The hunts, chases, and pursuits of these objects that will lead them to find the Emperor and what planet he’s on, continue throughout the film. For the first time, we get scenes of all three of our leads (Rey, Fin, and Po,) on missions together. We get Lando Calrisian back, (Billy Dee Williams,) and he’s got a number of scenes. One of them in particular, where he talks about him, Han, Luke, and Leia, and how they were never “ready,” is pretty cool. And the scenes between Rey and Kylo Ren are great. They always have been. These scenes were the best thing about the last movie.


But here, there is a little too much going on. There are two new female characters who each get stories and back stories. One is a former spice smuggler who used to know Po, and the other was a former storm trooper just like Finn. Rey discovers that she has two new powers. One of them works, one of them doesn’t. The one where she and Kylo are so connected that they can grab things from the location where one of them is in, works nicely. It starts with Kylo grabbing a necklace from around Rey’s neck, when they are in two different locations, and ends with a nice move during the climax. But the other power, which is introduced with the giant snake sequence, doesn’t work at all. Maybe it’s because the movie is trying to do too much. Two new powers, both at the same time? These things need to be gradually developed. Not just forced on us.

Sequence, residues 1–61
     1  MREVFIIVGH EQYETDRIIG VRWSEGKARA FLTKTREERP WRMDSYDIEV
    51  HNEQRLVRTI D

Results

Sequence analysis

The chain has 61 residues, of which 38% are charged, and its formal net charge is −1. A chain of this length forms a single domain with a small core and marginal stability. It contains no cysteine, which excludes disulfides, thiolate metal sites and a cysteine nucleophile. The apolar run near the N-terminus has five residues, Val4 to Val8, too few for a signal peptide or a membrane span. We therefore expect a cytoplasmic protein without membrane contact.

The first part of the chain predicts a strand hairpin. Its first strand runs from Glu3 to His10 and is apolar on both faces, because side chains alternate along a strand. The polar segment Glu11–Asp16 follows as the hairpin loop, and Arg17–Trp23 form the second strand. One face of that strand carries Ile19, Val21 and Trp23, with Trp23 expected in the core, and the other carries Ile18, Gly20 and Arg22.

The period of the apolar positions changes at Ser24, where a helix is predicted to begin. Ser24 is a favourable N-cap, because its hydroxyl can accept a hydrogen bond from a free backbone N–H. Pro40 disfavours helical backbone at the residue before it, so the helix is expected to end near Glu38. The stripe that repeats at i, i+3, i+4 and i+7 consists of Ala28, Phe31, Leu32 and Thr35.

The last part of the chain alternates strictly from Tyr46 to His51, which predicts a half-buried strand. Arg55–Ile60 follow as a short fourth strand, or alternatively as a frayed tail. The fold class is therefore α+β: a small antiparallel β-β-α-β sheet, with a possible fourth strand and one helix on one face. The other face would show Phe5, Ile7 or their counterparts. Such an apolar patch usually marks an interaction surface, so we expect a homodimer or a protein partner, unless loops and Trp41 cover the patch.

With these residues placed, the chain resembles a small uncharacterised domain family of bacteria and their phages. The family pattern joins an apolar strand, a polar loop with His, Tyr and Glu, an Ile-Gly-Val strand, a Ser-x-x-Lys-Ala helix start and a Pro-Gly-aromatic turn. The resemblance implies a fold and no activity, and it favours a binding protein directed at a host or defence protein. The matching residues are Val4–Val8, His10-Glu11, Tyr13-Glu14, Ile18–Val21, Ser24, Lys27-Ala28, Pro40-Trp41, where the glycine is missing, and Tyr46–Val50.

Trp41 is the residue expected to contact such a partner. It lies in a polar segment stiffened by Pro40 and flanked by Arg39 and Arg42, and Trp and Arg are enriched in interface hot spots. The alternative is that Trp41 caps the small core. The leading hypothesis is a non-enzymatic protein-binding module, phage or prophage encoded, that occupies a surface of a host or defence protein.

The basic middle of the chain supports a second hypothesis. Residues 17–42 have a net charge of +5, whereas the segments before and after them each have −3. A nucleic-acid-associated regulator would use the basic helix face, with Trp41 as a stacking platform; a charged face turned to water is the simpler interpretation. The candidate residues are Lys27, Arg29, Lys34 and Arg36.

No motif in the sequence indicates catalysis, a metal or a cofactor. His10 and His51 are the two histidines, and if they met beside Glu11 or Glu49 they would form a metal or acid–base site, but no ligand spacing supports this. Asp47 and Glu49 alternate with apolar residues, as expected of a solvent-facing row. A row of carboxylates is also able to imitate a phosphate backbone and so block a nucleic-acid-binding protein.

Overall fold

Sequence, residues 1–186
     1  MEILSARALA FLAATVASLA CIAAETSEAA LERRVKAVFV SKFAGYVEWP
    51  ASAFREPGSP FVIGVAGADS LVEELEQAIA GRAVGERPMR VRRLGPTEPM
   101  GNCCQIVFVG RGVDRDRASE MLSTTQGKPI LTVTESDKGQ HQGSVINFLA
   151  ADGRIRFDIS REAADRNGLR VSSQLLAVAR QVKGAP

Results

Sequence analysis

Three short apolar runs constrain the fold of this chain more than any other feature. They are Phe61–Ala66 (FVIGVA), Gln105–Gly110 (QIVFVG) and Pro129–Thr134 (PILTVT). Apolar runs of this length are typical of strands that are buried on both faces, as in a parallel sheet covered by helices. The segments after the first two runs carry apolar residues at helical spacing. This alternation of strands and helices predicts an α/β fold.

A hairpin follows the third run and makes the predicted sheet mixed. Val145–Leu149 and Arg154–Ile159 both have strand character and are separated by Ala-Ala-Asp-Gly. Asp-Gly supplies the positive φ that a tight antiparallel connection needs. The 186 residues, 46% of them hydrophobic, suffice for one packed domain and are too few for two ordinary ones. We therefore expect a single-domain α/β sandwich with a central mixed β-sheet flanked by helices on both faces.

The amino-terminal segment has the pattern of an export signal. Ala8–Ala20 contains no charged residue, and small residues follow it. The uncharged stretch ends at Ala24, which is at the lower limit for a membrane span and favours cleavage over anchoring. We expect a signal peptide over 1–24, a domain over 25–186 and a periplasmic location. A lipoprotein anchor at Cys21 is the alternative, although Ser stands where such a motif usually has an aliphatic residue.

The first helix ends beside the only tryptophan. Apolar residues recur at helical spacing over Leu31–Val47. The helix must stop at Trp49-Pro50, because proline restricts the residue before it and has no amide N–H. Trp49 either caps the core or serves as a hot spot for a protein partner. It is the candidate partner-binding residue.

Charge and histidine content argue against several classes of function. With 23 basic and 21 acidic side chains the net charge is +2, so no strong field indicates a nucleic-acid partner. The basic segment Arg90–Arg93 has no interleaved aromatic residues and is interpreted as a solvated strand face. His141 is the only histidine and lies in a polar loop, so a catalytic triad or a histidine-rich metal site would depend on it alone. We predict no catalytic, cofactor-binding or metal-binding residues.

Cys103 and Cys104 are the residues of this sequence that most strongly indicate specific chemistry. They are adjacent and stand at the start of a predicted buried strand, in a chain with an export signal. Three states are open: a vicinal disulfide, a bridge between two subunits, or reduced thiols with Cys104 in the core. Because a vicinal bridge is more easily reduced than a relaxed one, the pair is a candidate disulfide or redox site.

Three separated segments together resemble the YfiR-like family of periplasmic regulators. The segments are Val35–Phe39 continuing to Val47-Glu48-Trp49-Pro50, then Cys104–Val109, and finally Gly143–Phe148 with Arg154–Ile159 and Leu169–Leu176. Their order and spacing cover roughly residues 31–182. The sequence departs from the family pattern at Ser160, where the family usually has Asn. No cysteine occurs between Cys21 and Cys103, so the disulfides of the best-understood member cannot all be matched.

While the movie definitely has mistakes with its plot, (what Rey’s lineage turns out to be doesn’t quite seem right, or to make any sense at all,) it also has a lot going for it, including an excellent surprise cameo from a deceased character, and a nice spaceship climax that connects well to the events at the end of the last movie. And speaking of that last movie, there are lots of ret-cons here, (like the way Luke Skywalker now treats a lightsaber, and what he says about it,) but they’re mostly kind of funny. And the look of the movie and action are of course great. So The Rise of Skywalker is a mixed bag between good and bad. There are plenty of flaws, but there’s also plenty here to like and appreciate.